Any homeowner will tell you that maintenance and repairs can be just as expensive as paying a mortgage, if not more so. In fact, it's said that home maintenance can cost anywhere from 1% to 4% of a home's value, so with a $300,000 property, you're looking at $3,000 to $12,000 a year on upkeep alone.
It's for this reason that many homeowners opt to do much of their own maintenance rather than pay a premium to bring in professionals. And my husband and I are in a similar camp for the most part. There are plenty of home maintenance tasks we do ourselves, from staining our wooden deck before the summer to doing our own yard cleanouts toward the end of fall. We also do our share of repairs -- things like fixing leaky faucets or repairing loose shelving.
But there are certain maintenance tasks that I downright refuse to do -- and for good reason.
1. Gutter cleaning
One thing I love about my home is its height. Our two-story living room has fabulous high ceilings that make our interior look nice and spacious. But having a tall house means that accessing its gutters is a scary proposition, which is why I insist on using a gutter cleaning service. Is cleaning out gutters difficult? Not particularly. But not only am I too scared to get up on such a high ladder, I'm terrified to be the one to even hold the ladder while my husband does the work, and so in this case, throwing money at the problem makes a lot of sense.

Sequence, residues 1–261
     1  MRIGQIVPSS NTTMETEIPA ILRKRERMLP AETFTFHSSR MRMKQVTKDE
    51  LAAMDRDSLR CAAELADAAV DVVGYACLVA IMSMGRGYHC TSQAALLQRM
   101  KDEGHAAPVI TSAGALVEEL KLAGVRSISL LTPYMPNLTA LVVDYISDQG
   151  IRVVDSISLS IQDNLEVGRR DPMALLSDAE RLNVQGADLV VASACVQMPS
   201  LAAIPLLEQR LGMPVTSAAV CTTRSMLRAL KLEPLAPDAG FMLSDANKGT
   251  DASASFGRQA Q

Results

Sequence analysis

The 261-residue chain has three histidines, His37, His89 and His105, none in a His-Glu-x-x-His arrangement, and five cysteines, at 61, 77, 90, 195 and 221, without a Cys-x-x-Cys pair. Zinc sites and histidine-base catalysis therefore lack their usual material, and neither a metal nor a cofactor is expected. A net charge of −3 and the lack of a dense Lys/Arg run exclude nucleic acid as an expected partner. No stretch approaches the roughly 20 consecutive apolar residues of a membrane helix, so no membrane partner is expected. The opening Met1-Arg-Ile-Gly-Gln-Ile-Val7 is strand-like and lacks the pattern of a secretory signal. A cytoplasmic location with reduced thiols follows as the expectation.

2. Tree trimming
The one time my husband and I tried to remove our own tree, it was disastrous. Tree trimming isn't as difficult, but it's still something I'm not comfortable doing or assisting with. Branches can be heavier than anticipated and can fall unpredictably, and so I'd rather leave that work to the professionals -- even if it means spending some money.
Pressure-washing, in my book, is neither dangerous nor particularly difficult. The reason I won't do it myself? It's time-consuming, and hiring a professional isn't particularly costly. In the time it takes to drive over to a hardware store, rent a pressure washer, haul it back home, clean our deck and siding, and then return that tool to the store, I could instead pay someone under $150 to come do that work while I do my work. As a freelance writer, the more I work, the more I get paid, so tasks that are easy but time-consuming are often worth outsourcing.
If my husband and I were to call in a professional for every single maintenance or repair item that pops up during the year, we'd spend a small fortune. That's why we're judicious about bringing in help. But when it comes to work that's either unsafe or particularly time-consuming, we tend to bust out our wallets instead of putting ourselves through a potentially dangerous or painful experience. Of course, we make it a point to factor home maintenance into our budget so we can afford to go this route, but through the years, what we've paid for in outside help we've saved in stress.
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